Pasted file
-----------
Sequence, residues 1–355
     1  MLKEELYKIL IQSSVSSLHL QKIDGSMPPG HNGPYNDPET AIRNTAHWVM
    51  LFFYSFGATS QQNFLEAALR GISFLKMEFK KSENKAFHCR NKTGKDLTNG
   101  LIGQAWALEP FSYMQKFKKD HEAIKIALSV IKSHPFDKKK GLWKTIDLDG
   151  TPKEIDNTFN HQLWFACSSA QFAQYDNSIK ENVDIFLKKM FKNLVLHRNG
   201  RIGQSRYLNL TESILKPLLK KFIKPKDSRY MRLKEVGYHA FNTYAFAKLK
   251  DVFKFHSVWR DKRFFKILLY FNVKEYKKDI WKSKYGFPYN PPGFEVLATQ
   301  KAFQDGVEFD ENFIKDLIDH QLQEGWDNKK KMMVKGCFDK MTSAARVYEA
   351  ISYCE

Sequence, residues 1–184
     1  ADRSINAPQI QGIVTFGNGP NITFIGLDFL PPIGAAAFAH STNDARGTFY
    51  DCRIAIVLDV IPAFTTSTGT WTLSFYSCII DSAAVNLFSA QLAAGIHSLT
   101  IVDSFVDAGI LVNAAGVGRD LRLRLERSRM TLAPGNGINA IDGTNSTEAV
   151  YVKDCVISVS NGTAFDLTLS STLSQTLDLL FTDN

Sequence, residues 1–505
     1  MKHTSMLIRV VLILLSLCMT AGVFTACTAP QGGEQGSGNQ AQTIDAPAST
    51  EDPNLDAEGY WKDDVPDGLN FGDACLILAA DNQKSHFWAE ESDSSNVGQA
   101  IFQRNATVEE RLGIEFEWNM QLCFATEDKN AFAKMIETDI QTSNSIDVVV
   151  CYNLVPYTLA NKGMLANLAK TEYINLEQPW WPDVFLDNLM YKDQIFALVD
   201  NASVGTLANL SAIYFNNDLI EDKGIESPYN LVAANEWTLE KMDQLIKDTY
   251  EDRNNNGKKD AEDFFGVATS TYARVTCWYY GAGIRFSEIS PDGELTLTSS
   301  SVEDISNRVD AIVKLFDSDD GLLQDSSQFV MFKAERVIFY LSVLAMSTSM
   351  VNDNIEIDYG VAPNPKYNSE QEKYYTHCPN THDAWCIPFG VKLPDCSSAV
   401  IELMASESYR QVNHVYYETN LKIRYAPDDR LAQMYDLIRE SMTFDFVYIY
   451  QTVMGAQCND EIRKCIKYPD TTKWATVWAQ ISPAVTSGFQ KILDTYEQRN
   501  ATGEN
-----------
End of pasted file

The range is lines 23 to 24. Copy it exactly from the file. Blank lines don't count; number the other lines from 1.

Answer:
   351  VNDNIEIDYG VAPNPKYNSE QEKYYTHCPN THDAWCIPFG VKLPDCSSAV
   401  IELMASESYR QVNHVYYETN LKIRYAPDDR LAQMYDLIRE SMTFDFVYIY